HOUSTON (AP) - A man who had fired a gun inside a ticketing area at Houston's largest airport was killed after being confronted by a law enforcement official during an incident that sent people in the terminal scrambling and screaming, police said Thursday.
SACRAMENTO, Calif. (AP) - Reducing California's prison population by tens of thousands of inmates is not enough for the federal courts, which have given Gov. Jerry Brown's administration until midnight to say how they will reduce the population even further.
WINCHESTER BAY, Ore. (AP) - A woman slain on the southern Oregon coast has been identified as a California resident.
HACIENDA HEIGHTS, Calif. (AP) - Every morning, Jim Crabtree said he would wake up, wash and dress his wife who suffered from Alzheimer's disease, and drop her off at his parents' home so he could go to work.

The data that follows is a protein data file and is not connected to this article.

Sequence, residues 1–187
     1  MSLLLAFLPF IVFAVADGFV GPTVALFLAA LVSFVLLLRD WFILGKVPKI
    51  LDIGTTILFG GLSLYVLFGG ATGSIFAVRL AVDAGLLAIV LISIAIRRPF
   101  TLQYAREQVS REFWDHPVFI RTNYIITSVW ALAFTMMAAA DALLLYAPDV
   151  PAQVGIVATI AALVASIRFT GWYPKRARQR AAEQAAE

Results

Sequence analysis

NEW YORK (AP) - The suicide rate among middle-aged Americans climbed a startling 28 percent in a decade, a period that included the recession and the mortgage crisis, the government reported Thursday.
DHAKA, Bangladesh (AP) - Bangladeshi police arrested the engineer who warned that a building housing garment factories was unsafe a day before it collapsed, killing at least 487 people.
NEW YORK (AP) - Parents are reporting more skin and food allergies in their children, a big government survey found.
WASHINGTON (AP) - The Obama administration on Wednesday appealed a federal judge's order to lift all age limits on who can buy morning-after birth control pills without a prescription.